In an in-depth interview with The Athletic’s Ken Rosenthal, MLB commissioner Rob Manfred discussed moving toward a technology-based strike zone rather than an umpire-based one, changing to a tackier baseball, addressing pace-of-play issues and much more.
Manfred says a technology-based strike zone is progressing.
One of the things that’s been brought up recently is the emergence of technology calling balls and strikes rather than umpires. While Manfred, 59, praised the umpires as “very skilled,” he also acknowledged the rapid advancement of PITCHf/x technology, crediting MLB Executive Vice President of Strategy, Technology and Innovation Chris Marinak and Chief Technology Officer Jason Gaedtke.
The accuracy is way up — way better than what it was a year ago. The technology continues to move… and it actually moved a little faster than I might have thought.
There remains a fundamental question the owners are going to have to address. When you take away the home plate umpire’s control over the strike zone, you take away a principal piece of his authority in terms of managing the whole game. You really need to think carefully about whether you want to make that change.
When asked if he thought umpires would react negatively to the change, Manfred brought up the emergence of instant replay, an aspect that umpires initially “violently opposed” before coming around to it. “We haven’t had a lot of conversations with them on this topic, but I do think there is a serious management-of-the-game issue you’d have to think about with respect to that change.”
Could tackier baseballs be on their way to MLB?
In an effort to limit the use of foreign substances such as pine tar, sunscreen and rosin on the ball, MLB has discussed introducing a tackier baseball.
Over the long haul, I do think the idea of a baseball that is tackier and eliminates any human variation — whether it’s the way it’s mudded, the use of tar, whatever — would be a positive for the game. We haven’t gotten there in terms of the rest of the performance characteristics of the baseball.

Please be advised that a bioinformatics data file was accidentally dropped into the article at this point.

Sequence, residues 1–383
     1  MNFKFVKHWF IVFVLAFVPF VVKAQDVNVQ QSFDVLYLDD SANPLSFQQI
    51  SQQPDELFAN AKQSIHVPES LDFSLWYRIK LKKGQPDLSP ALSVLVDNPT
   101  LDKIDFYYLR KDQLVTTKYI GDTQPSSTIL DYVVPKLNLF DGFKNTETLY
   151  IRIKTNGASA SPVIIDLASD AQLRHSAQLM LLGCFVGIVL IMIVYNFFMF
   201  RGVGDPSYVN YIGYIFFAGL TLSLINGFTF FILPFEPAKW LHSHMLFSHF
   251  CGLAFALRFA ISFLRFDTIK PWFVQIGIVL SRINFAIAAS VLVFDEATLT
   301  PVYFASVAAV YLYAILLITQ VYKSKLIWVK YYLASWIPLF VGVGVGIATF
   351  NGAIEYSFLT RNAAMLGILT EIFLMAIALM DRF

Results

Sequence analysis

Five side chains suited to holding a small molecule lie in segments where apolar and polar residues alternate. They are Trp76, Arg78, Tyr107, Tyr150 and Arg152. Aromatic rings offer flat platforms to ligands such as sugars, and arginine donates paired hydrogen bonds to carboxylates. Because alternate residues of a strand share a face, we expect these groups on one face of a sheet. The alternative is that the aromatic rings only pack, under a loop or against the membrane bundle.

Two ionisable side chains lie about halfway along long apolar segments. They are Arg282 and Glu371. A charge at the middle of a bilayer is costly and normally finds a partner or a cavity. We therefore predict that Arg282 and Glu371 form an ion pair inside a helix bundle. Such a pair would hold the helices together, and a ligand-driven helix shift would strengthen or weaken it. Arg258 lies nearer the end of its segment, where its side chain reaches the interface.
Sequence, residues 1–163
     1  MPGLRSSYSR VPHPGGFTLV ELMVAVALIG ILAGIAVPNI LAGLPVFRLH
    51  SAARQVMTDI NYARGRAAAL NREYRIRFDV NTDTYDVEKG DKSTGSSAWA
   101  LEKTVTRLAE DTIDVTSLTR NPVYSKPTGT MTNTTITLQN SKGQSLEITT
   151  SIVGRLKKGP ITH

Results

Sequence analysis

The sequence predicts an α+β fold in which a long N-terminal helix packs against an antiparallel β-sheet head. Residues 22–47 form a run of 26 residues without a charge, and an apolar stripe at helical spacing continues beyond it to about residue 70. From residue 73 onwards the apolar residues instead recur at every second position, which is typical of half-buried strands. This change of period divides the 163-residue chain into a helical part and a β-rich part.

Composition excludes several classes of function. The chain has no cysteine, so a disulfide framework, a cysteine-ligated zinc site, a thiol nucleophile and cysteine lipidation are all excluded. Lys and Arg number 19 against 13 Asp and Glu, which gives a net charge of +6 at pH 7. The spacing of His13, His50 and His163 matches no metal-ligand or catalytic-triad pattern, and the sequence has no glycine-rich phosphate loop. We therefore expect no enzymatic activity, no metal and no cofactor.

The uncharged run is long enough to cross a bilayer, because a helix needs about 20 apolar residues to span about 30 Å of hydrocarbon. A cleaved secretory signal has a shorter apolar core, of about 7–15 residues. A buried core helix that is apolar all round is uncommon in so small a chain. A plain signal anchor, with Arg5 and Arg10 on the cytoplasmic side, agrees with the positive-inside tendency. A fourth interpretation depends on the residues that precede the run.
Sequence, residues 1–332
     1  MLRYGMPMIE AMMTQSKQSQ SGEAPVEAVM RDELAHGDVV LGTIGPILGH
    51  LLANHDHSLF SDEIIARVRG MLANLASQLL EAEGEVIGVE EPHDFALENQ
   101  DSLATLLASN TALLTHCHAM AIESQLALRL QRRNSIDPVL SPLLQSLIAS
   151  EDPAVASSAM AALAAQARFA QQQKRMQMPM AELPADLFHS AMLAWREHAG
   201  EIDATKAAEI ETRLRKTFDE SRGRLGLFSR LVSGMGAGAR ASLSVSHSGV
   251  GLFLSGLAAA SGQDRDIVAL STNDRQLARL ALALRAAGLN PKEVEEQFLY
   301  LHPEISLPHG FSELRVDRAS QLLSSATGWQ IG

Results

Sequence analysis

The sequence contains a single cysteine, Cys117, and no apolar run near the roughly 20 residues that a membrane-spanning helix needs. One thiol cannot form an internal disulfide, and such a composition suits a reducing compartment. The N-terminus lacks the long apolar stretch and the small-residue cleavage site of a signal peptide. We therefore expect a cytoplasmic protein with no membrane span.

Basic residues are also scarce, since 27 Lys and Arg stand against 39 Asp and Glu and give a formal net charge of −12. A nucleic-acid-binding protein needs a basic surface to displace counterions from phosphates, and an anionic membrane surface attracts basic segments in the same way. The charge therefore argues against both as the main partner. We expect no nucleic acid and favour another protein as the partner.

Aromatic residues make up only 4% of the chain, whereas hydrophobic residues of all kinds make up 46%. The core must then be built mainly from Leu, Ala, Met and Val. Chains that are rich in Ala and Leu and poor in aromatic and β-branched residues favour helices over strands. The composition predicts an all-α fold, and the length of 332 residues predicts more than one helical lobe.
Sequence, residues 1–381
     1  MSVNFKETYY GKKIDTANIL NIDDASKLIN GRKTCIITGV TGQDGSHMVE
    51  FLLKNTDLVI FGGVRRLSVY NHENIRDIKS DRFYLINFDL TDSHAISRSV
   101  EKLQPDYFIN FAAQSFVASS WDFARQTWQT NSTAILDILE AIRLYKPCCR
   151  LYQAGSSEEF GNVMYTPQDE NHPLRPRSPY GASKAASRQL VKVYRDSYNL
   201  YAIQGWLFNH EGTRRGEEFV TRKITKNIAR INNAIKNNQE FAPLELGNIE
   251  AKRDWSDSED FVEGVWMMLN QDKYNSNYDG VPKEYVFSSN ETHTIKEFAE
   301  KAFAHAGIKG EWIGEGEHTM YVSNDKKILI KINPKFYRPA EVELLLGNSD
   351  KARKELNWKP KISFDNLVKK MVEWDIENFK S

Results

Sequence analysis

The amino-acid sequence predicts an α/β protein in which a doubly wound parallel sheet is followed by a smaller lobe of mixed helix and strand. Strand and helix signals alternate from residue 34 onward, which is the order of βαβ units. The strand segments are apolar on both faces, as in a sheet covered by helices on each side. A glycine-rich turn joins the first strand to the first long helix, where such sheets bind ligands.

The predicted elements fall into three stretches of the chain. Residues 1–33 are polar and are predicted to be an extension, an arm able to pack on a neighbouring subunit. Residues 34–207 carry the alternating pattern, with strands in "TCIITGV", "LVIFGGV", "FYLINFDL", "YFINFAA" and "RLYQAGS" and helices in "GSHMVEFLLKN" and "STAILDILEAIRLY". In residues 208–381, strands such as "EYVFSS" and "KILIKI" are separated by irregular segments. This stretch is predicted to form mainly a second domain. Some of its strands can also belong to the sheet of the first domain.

Manfred also discussed the current baseball and its changing properties. The ball over the years has changed aerodynamically, reducing “drag” on the baseball and leading to more home runs. Manfred emphasized “there was no purposeful or known alteration of the baseball” and that the specifications of the baseballs remain within the same range.
MLB’s pace of play is improving.
Last year, the average MLB game lasted 3:05:11, by far the highest in MLB history. Through Tuesday’s games, that number is down to 3:00:25, back roughly to where it was in 2016. Manfred, who has had improving pace of play at the top of his priority list ever since he became commissioner in January 2015, has been encouraged.
I’m positive about how they’ve gone for two reasons. No. 1, the threshold matter on any rule change is, “Has it been disruptive on the field?” I don’t think either the (changes in) innings breaks or the mound-visit rule has been disruptive on the field. People adjusted. We’ve had some other rules that had a longer period of adjustment. These did not. That’s a positive.
Manfred also added that a strict pitch clock would be a positive development for continuing to lower average game length.
Attendance is down, but Manfred isn’t overly concerned.
Despite MLB’s lowest average attendance in 15 years, Manfred believes the game is “very healthy.”
Manfred spoke on a few factors as to why he believes the league is in a good spot. He pointed to two terrific postseasons — the Cubs snapping a 108-year streak two years ago and the Astros winning their first ever World Series last year, both in seven games — as a major positive that “has increased the buzz around our game dramatically.” He added that MLB’s advancement in technology has made the game more accessible and that revenue continues to increase.
Furthermore, Manfred dispelled the notion that the league is in trouble because attendance is down. Overall attendance is down 6.7 percent from last year, but Manfred blamed that at least partially on a rainy spring. Still, he acknowledged there’s always room to improve.
[No] institution — no matter how great it is, and I do think our entertainment product is great — can sit still in today’s world. You have to think about ways to continue to grow the ties you have to our existing fans, which really matter to us, and how you make sure the game gets passed on to the next generation with the same kind of passion it has for yours and mine.
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